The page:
- the product of diverse and inclusive study teams, which may contribute to stronger studies on CV equity and better relationships between academia and the community; and
- increased citations of scientists of color.
“It will take time to assess this metric since self-identification of race and ethnicity of an author may not be readily available,” Breathett told Healio. “We are encouraging authors, reviewers, and editorial board members to complete their journal demographic profiles, which will be expanded to additional selections soon. We are also considering a method for self-identification of entire study teams akin to the journal Cell.”
The statement also highlighted changes coming to Circulation: Cardiovascular Quality and Outcomes that reflect the editorial team’s commitment to these recommendations.
“We appreciate the work of Boyd et al [published] in Health Affairs. This work was a catalyst for supporting routine evaluation of systemic barriers to health such as structural racism in scientific journals,” Breathett said in an interview. “Our editorial board developed new instructions for the submission of work examining racial and ethnic disparities, which are immediately in effect. These instructions will be used to evaluate and critique new submissions. It has the potential to reframe the way that racial and ethnic cardiovascular disparities research is performed from start to finish by setting a new standard for our journal.”
According to the statement, the journal’s editorial team aims to work with authors to incorporate these principles into their work, promote diverse talent and ideas and continue to diversify authorship, reviewers and editorial teams.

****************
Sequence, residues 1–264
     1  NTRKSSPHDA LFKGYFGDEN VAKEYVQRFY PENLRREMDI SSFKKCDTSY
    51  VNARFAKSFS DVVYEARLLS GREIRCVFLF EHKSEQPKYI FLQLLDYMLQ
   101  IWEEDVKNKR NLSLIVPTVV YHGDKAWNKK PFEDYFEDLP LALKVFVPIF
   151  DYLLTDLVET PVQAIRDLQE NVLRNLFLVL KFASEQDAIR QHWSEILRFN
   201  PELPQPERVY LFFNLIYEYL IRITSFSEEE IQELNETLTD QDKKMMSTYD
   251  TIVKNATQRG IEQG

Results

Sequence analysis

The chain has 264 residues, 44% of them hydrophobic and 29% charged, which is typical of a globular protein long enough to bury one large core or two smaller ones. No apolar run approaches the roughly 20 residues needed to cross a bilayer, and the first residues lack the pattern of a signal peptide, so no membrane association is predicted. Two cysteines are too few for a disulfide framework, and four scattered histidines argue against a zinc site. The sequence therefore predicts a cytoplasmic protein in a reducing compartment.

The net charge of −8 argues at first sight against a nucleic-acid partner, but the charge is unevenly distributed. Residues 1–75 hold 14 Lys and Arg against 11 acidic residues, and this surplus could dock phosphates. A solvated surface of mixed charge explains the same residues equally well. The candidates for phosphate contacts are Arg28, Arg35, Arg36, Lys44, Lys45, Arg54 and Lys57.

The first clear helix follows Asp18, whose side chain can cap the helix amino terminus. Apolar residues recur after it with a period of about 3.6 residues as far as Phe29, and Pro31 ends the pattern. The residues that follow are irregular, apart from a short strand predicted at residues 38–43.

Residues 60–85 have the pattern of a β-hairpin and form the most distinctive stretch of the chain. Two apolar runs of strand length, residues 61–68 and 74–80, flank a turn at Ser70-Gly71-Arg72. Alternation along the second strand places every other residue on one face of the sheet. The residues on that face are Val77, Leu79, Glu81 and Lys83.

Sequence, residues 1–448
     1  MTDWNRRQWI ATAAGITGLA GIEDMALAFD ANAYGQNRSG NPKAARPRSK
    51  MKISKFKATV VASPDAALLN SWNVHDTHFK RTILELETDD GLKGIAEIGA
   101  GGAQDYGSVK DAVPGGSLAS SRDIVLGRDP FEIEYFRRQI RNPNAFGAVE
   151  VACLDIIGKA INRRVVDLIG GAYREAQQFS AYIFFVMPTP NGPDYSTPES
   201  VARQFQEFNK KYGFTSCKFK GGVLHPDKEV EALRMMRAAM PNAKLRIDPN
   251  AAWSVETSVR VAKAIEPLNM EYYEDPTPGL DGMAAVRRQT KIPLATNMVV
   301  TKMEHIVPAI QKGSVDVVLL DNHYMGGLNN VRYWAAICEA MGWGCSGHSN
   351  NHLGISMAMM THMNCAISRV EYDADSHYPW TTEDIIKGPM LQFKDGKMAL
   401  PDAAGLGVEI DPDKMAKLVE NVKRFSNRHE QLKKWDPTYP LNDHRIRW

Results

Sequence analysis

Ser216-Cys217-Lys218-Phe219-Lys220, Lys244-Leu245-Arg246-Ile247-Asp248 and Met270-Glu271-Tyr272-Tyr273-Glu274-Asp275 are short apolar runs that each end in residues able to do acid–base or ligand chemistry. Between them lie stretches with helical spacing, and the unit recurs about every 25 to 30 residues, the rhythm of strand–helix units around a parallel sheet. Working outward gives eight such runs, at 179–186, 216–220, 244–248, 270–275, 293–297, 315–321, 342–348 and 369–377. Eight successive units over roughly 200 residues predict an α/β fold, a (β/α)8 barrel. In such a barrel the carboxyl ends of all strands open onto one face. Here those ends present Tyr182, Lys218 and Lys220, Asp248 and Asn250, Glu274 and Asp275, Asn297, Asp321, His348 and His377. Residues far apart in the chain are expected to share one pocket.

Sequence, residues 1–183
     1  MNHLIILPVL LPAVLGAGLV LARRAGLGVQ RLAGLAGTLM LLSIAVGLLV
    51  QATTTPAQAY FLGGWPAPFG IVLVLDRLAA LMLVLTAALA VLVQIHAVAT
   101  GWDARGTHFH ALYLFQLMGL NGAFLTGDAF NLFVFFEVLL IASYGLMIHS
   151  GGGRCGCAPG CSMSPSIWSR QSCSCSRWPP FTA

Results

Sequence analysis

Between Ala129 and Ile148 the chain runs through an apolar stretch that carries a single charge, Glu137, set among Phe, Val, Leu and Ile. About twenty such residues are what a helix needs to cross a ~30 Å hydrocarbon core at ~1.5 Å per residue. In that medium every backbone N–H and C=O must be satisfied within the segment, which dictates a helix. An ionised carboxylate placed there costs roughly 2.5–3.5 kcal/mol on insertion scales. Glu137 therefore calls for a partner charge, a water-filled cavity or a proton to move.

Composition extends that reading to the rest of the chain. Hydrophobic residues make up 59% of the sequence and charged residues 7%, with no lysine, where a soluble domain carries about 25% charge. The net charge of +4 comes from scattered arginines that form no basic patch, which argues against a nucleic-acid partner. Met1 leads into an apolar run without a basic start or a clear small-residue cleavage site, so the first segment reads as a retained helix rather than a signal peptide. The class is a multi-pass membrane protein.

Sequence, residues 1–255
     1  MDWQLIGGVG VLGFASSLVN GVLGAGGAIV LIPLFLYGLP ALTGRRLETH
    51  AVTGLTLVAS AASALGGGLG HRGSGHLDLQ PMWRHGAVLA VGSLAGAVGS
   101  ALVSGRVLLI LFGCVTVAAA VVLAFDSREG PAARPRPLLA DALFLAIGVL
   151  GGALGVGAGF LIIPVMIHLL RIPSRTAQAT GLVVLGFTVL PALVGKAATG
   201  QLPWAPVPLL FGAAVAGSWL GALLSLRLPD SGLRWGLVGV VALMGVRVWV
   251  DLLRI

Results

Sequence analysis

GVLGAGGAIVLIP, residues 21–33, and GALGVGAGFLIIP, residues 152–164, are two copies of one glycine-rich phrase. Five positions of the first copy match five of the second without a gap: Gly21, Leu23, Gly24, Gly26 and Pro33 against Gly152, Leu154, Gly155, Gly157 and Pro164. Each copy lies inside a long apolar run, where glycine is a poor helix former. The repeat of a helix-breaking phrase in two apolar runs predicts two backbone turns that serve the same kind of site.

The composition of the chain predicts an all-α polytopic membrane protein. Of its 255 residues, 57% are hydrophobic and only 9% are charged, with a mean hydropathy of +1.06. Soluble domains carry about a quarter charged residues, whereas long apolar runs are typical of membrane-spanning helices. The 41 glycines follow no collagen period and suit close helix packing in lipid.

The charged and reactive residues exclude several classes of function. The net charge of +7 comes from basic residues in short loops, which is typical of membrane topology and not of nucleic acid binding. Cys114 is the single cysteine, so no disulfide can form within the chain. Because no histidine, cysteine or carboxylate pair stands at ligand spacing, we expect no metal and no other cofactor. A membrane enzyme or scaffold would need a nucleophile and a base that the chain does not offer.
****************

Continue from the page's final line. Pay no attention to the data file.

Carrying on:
“In this way, we have an ask for our authors and reviewers to help us collect appropriate categorizations of race, ethnicity and other intersectional demographics,” Breathett and colleagues wrote in the statement. “Although this may seem intrusive, it will be completely voluntary and not affect our decision-making around a submission.”
Disparities ‘illuminated on a broader stage’
“Over the past year, social injustice and racial and ethnic health disparities have been illuminated on a broader stage. This has sparked a multigenerational movement to achieve equity. We expect that most scientists will embrace these changes. Some may have opposing views,” Breathett told Healio. “We hope that continued conversation, reevaluation and titration of the entire scientific process will ultimately lead to the best science that meets our goals of attaining CV health equity for all. We are excited to embark upon this journey and look forward to the future.
“The greatest impact on racial and ethnic disparities research may come from understanding and intervening upon systemic barriers to CV health such as structural racism, bias and social determinants of health,” Breathett said.
- Boyd RW, et al. On racism: A new standard for publishing on racial health inequities. Health Affairs. July 2, 2020. Available at: https://www.healthaffairs.org/do/10.1377/hblog20200630.939347/full/. Accessed Feb. 11, 2021.